Objetivo:Determinar a freqüência de uso de fórmulas para emagrecer e sua asso-ciação com níveis de TSH. Metodologia:Pesquisa realizada no Rio de Janeiro (5 milhões de habitantes), Brasil, de junho de 2004 a abril de 2005. A população de estudo foram mulheres com 35 anos ou mais, residentes em domicílios particu-lares permanentes do município do Rio de Janeiro não grávidas e não lactantes. A amostra de domicílios foi obtida por amostragem probabilística conglomerada em três estágios de seleção. As mulheres tiveram amostras de sangue coletadas e responderam a questões sobre uso de fórmulas, chás ou remédios para emagre-cer. Quanto ao uso de fórmulas as mulheres foram classificadas em usuárias algu-ma vez na vida (n = 293), usuárias nos últimos dois meses (n = 150) e não usuárias (n = 853). Os níveis de TSH desses grupos foram comparados através de análise de regressão multivariada, levando em conta o desenho da amostra. Resultados: O uso de fórmulas alguma vez na vida foi relatado por 34% das mulheres e 11% relataram tê-las consumido nos últimos dois meses. As freqüências foram maiores entre as mulheres mais jovens e obesas e de nível sócio-econômico mais elevado (valor de p < 0,001). Os níveis de TSH foram estatisticamente menores entre as usuárias de fórmulas (1,96 mUI/ml; IC 95% = 1,93–1,98) comparados com usuárias prévias 2,83 mUI/ml (IC 95% = 2,13–3,02) e não usuárias 2,59 mUI/ml (IC 95% = 2,20–3,21). As diferenças entre os grupos mantiveram-se estatisticamente signifi-cantes após o ajuste por idade e índice de massa corporal. Conclusão:O uso de fórmulas para emagrecer diminuiu os níveis de TSH em mulheres brasileiras. (Arq Bras Endocrinol Metab 2007;51/9:1448-1451)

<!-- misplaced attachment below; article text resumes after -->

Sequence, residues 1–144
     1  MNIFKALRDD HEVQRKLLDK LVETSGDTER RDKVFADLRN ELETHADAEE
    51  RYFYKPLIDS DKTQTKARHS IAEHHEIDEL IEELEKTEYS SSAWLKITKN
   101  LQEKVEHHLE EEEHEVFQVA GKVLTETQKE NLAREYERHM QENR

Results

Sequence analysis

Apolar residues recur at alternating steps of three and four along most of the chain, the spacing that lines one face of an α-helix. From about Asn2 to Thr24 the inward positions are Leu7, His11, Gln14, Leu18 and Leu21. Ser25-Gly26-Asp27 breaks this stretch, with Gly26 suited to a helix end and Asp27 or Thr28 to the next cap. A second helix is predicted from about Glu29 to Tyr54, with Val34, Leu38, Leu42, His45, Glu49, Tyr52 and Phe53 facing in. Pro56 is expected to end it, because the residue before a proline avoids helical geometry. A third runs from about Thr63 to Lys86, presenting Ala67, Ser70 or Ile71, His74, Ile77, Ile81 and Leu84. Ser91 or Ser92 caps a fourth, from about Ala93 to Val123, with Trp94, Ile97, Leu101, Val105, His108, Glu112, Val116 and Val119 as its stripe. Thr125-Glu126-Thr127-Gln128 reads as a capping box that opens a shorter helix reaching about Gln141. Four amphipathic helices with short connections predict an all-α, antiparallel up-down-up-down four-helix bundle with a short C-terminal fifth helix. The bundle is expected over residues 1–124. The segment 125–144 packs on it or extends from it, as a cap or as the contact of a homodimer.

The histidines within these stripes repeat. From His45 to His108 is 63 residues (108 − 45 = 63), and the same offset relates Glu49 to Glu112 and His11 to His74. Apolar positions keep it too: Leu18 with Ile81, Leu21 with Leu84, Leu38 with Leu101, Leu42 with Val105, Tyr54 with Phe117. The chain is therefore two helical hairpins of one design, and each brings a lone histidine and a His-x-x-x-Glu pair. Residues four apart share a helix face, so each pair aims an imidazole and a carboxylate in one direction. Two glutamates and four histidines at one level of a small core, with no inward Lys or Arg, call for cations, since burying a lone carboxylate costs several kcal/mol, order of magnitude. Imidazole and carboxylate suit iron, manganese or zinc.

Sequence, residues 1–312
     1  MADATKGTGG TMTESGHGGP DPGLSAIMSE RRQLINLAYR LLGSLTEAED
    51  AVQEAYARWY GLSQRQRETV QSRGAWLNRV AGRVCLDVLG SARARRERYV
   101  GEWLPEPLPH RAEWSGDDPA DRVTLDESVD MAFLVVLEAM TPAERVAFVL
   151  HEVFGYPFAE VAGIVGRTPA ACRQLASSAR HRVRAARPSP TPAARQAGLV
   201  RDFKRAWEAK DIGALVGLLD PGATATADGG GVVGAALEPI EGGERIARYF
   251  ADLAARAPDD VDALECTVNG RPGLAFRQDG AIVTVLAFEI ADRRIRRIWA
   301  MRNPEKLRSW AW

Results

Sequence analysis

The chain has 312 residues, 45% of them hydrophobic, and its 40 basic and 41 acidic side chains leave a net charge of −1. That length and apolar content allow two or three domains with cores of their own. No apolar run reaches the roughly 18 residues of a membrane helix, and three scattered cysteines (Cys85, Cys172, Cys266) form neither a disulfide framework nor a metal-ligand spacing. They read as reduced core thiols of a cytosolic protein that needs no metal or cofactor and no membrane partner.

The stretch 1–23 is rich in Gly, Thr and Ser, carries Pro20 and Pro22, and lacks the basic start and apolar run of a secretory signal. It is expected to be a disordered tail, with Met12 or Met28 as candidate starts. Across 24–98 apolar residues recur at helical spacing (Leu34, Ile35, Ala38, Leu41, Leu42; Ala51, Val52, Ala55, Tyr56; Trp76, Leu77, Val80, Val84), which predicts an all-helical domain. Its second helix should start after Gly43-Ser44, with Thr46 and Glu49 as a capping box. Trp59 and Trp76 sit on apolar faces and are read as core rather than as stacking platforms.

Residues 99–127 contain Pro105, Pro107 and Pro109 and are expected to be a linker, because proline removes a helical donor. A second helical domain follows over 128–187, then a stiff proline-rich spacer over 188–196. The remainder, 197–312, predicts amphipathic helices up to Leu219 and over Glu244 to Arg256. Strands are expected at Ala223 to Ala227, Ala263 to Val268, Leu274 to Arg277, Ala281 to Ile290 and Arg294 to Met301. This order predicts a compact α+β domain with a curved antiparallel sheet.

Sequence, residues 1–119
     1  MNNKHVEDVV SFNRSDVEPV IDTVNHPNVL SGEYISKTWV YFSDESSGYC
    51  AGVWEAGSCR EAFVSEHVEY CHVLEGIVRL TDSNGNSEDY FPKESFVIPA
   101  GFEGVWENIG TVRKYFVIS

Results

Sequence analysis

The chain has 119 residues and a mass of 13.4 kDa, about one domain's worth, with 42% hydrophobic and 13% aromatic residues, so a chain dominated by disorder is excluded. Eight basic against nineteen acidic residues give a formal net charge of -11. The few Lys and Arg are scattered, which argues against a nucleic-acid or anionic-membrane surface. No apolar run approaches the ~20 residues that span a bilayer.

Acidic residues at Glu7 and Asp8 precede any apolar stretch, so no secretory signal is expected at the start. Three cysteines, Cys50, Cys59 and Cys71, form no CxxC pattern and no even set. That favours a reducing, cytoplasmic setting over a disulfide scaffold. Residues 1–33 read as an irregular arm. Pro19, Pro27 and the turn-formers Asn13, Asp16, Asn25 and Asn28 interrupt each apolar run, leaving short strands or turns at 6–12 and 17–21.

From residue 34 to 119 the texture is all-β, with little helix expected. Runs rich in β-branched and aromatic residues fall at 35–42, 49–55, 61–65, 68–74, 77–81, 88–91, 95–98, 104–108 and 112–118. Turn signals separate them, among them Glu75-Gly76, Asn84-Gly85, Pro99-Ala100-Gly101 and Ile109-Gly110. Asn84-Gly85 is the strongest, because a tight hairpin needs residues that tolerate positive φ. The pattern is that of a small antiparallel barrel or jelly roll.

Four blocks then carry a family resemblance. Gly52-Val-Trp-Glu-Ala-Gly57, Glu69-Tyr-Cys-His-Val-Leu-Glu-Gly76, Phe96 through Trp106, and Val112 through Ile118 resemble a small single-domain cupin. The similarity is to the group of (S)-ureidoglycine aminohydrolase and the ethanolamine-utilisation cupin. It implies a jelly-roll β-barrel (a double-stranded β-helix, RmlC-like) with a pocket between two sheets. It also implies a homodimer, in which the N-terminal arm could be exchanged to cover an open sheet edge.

Descritores: Hipertireoidismo; Fórmulas para emagrecer; Prevalência de obesidade
TSH Levels Associated with Slimming Pill Use in a
Population-Based Study of Brazilian Women
ROSELYSICHIERI ROSELIANDRADE JADERBAIMA JODELIAHENRIQUES MARIOVAISMAN
Department of Epidemiology (RS & RA) and Medical School
(JH), State University of Rio de Janeiro, Abbott Laboratory of Brazil (JB), and Medical School (MV), Federal University of
Rio de Janeiro, RJ.
Thyroid Dysfunction and Slimming Pill